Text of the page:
Microsoft Corp. last week announced several software licensing changes that give IT managers and end users more options for running Windows Vista in desktop virtualization mode.
Effective Jan. 1, Microsoft will expand its Vista Enterprise Centralized Desktop license to support PCs that end users buy themselves with company stipends. Scott Woodgate, director of Windows product management, said the changes to VECD will also enable IT managers to deploy virtual Vista desktops to the PCs used by contract workers.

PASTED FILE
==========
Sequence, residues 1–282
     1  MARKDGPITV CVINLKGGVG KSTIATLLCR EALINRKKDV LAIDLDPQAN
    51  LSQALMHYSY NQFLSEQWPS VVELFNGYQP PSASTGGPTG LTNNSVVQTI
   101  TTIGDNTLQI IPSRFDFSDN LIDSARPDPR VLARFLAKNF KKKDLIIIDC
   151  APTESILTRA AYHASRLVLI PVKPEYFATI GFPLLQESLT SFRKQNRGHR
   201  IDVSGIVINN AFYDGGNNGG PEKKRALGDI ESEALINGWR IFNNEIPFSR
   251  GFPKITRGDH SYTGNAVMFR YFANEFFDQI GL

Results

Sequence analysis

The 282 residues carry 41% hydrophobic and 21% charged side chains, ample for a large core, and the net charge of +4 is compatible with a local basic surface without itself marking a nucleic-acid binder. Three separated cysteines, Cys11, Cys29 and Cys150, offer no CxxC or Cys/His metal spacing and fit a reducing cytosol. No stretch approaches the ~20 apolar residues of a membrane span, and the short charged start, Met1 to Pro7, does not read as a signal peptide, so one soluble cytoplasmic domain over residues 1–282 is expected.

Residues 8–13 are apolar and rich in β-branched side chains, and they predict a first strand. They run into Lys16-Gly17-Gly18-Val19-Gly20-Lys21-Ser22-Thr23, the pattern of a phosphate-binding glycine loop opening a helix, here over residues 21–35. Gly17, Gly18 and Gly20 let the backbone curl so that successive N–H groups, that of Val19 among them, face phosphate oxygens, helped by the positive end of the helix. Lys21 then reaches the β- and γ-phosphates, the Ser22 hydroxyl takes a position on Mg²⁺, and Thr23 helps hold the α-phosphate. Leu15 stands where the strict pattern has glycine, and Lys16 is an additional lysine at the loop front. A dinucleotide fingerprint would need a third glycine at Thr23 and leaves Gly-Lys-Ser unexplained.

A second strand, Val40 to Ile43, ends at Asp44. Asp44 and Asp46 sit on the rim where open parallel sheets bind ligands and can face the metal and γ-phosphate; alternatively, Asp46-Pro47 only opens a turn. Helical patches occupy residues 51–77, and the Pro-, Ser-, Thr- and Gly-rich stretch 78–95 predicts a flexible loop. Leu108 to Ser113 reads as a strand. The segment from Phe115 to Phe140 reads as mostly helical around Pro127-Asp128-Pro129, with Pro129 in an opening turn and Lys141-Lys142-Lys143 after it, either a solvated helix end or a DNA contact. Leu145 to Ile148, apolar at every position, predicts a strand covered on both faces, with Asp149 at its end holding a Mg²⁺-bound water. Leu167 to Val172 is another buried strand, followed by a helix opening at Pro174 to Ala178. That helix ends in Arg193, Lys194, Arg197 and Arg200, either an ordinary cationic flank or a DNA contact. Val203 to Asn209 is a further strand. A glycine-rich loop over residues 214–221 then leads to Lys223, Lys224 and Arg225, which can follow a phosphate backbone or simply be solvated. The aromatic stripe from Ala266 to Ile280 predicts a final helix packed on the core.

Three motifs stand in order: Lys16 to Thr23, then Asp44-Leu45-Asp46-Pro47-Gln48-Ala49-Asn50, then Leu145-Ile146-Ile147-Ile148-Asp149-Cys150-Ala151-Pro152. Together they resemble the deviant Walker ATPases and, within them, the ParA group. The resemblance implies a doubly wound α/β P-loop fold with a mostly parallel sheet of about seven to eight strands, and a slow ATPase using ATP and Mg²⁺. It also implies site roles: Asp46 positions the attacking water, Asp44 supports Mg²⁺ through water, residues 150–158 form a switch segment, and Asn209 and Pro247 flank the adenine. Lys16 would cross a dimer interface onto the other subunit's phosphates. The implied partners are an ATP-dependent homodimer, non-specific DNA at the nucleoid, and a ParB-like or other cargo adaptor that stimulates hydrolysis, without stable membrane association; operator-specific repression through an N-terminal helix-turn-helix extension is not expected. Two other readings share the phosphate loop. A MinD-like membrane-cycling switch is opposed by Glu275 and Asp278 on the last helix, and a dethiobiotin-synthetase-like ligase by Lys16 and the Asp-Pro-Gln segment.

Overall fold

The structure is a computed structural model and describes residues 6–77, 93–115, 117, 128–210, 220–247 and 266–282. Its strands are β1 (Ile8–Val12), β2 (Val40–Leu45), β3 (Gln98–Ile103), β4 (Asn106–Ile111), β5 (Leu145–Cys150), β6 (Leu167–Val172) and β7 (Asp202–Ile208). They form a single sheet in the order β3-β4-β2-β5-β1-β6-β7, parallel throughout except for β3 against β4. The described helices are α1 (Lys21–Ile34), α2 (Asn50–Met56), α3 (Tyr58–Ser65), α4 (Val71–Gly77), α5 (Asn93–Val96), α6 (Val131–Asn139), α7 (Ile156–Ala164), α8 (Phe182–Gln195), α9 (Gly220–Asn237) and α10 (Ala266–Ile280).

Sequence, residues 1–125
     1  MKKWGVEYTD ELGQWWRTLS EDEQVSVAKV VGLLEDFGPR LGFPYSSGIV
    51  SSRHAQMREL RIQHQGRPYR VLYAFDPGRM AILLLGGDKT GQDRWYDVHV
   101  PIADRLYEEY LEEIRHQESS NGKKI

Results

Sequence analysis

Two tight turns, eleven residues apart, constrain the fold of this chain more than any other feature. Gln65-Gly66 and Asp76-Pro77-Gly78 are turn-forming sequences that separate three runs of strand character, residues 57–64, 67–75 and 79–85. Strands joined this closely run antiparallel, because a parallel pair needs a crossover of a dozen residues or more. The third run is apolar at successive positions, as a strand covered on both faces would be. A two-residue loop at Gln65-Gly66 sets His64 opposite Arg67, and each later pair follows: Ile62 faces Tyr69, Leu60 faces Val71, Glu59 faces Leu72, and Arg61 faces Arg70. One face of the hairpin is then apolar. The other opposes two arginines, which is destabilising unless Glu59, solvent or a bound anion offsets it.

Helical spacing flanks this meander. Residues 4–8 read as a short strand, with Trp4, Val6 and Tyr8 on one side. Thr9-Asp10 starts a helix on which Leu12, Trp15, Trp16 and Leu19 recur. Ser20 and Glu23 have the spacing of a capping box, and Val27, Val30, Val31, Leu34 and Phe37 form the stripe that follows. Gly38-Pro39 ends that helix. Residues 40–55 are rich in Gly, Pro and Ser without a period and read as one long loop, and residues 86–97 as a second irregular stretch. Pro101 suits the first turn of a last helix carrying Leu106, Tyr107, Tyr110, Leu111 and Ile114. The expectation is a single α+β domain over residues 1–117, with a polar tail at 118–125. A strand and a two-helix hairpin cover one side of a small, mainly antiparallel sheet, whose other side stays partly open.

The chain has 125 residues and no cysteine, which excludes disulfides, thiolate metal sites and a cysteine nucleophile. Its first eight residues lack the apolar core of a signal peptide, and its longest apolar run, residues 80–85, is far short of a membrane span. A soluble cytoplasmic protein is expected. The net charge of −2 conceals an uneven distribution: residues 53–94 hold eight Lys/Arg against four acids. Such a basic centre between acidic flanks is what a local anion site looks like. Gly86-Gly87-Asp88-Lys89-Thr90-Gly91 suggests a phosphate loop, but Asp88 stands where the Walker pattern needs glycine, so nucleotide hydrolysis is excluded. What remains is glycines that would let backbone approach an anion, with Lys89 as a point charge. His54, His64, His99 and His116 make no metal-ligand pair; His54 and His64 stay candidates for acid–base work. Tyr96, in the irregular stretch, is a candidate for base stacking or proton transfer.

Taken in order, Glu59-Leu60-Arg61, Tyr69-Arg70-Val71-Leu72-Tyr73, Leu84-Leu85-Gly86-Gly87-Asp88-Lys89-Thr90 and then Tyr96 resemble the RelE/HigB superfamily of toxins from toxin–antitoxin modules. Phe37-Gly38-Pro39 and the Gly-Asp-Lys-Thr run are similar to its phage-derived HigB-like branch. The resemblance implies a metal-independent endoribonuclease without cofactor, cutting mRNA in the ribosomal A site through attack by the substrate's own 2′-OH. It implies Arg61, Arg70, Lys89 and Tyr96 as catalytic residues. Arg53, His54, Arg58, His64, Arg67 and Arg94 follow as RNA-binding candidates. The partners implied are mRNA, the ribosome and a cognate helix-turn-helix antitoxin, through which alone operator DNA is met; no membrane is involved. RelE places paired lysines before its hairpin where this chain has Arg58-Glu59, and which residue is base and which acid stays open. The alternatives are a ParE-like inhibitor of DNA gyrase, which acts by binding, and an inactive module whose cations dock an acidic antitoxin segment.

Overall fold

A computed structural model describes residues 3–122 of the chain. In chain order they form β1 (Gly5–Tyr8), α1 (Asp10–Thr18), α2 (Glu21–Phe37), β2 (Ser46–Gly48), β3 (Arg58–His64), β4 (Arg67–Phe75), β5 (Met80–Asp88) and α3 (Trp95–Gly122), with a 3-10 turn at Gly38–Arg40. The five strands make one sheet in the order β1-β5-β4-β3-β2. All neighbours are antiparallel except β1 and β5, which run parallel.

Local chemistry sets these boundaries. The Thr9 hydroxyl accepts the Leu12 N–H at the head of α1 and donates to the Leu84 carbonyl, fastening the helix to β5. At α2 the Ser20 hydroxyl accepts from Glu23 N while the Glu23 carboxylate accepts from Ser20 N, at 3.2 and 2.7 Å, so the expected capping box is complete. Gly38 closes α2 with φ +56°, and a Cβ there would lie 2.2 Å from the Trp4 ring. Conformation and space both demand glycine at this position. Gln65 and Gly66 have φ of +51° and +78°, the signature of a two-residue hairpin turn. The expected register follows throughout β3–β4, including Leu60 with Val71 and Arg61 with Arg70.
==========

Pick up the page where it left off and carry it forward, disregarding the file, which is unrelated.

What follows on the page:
In addition, employees will now be able to run Vista in virtual machines on their home PCs, either streamed from a server or loaded from a thumb drive.
But Microsoft will continue to require a VECD license for every system, no matter how little the virtualization option is used.
This version of the story originally appeared in Computerworld 's print edition.
This story, "Vista Gets Virtual License Options" was originally published by Computerworld.